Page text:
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Monthly Macro Outlook: Brave new economic world

Picture of Christopher Dembik
Christopher Dembik

Head of Macroeconomic Research

Summary:  It's that time of year again: with the holiday season about to start, this is the right moment to pause and review the months gone by. The most salient features of 2018 were the end of synchronised global growth, the rise of populism in the Western world and a more volatile market environment.

Short-term gains are often the cause of long-term problems

With a massive fiscal stimulus and financial deregulation, the US administration has revived the economy – growth for GDP and wages is above 3% – but that was done at the price of more imbalances. Trump’s burgeoning deficit is approaching $1 trillion on a 12-month rolling time-frame, an unprecedented level in a period of strong growth, and this is happening while financial risks are on the rise (especially US corporate debt). All that make us fear that the end of the business cycle will be quite complicated. The main risk is that the USA will not be able to implement a countercyclical fiscal policy when such a move is most needed.

Trade war is about frontier technology

The Trump administration first focused on trade imbalances but, over the past few months, it has paid more attention to intellectual property rights and frontier technology. The United States’ main and first goal is to prevent China from becoming a leader in frontier technology. The next battleground of the US-China Cold War will be all about 5G, as reflected by the legal action against Huawei. The 5G is a completely new infrastructure that promises faster throughput and high-density connection of devices – from human to human, human to machine and machine to machine. It will carry sensitive communications, including industrial secrets; making the 5G one of the most critical of infrastructures. It explains why the US administration, along with allied countries, are looking to restrict this market from Chinese vendors. 

Gold is reemerging as a strategic asset

According to the Gold Council, more than 20 countries all around the world bought gold since the start of 2017. For many of these countries, this has not happened in decades, as is the case for Poland, which bought 13 tons of gold recently for the first time in 25 years. The comeback of gold as a strategically important asset can be explained by these main drivers: countries are seeking political independence (de-dollarisation), it serves as US dollar hedge to mitigate the risks linked to the US budget deficit, and it serves as a key asset in a period of increased diversification to face higher global risk.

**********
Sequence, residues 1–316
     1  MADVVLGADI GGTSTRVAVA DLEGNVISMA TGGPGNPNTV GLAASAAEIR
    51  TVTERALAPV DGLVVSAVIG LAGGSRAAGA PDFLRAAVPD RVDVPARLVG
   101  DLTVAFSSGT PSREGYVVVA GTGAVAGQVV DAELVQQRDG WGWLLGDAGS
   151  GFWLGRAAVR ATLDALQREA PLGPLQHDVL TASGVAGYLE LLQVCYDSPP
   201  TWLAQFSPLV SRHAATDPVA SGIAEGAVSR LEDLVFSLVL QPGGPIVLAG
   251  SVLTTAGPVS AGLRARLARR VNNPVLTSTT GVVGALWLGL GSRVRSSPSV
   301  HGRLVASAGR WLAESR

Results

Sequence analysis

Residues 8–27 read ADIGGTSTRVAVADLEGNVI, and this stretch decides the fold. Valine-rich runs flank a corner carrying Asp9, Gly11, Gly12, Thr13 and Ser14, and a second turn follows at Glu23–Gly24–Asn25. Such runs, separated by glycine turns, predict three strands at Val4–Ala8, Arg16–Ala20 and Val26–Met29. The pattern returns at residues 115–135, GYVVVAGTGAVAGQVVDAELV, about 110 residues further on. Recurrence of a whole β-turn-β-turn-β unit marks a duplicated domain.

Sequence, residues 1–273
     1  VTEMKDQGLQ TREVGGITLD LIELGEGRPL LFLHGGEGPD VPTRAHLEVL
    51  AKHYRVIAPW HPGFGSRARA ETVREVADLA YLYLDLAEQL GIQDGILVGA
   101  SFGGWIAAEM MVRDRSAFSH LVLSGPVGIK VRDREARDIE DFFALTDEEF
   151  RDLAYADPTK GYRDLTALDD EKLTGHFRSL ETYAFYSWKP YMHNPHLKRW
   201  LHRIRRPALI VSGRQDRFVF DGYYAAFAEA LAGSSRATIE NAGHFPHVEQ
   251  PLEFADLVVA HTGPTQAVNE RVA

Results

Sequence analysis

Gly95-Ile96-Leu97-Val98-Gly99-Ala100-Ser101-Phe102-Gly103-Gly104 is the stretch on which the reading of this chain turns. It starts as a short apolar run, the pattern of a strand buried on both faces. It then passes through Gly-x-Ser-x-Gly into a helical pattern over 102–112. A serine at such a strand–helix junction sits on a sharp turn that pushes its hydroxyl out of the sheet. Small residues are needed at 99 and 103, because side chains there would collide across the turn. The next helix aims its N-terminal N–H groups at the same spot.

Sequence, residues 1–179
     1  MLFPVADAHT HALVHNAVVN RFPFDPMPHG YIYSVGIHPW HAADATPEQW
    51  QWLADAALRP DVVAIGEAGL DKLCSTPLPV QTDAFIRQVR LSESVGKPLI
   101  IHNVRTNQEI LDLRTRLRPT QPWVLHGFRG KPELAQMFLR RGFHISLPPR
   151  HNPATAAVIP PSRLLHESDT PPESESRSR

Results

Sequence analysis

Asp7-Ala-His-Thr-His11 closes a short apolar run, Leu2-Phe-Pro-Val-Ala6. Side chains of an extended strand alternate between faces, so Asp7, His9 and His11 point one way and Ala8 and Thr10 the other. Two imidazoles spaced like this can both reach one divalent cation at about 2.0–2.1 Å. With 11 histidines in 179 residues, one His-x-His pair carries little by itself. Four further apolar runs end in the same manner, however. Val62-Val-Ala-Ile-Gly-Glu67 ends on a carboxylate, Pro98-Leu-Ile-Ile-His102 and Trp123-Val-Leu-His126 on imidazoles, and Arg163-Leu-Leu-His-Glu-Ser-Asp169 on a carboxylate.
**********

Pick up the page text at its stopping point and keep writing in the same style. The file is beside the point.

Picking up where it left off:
So what does the future hold?

Looking ahead, we are convinced that we are entering a new cycle that will be marked by weaker growth, rising political risk, particularly regarding the 2019 European elections, a more fragmented world, and a slow decline of the USA in favor of China. We see three major themes that will be crucial to monitor next year.

The role of China as global growth engine is central

China stimulus represents 34% of global growth (equivalent to the combined contribution of the USA and the Eurozone), around 70% of Asian EM manufacturing growth and the country is the largest importer of roughly 50 countries. As a result, investor attention needs far more than ever to focus on Chinese economic and monetary policy. Since last May, China has eased monetary policy, pushing credit impulse into positive territory for the first time since the end of 2016. So far, the stimulus looks like it has come too late and too little, but the country should be back in the spotlight in Q1 2019 as we expect the government will announce a bunch of market opening policies, including tariff cuts on more goods and new fiscal stimulus policies, at the upcoming Economic Work Conference that will start this Friday through Monday.

It’s all about liquidity

As we operate in a USD-based world, USD liquidity serves as a key driver of the global economy and financial markets. Since March 2018, our liquidity indicator has sharply declined to reach a two-year low. It is a clear signal that the momentum in global growth is slowing down, leading to deteriorated financial conditions, higher USD funding costs and a sell-off of risk assets. It largely explains the EM turmoil that occurred past Spring and Summer. We expect that liquidity will keep decreasing in 2019, which means global growth will go lower and that investors will need to evolve in a much more challenging environment. It will be especially difficult for traders and investors who are not used to high interest rates.

It will be a pivotal year for stocks

A lot of bad news is already priced in by the decline in the market valuation. Since January, the US market’s PE ratio has fallen to 15.4x, a heathier level, and since October’s correction, the S&P500 is less dependent on the performance of the FAANGM. However, there is still a lot of uncertainty regarding the Fed pause after the expected December hike and, due to earnings growth that will be back down in single digits (around 6%), there are less drivers to lift the market than in previous years and especially in the first part of 2018. The market environment will be much more challenging and more volatile than it used to be. 


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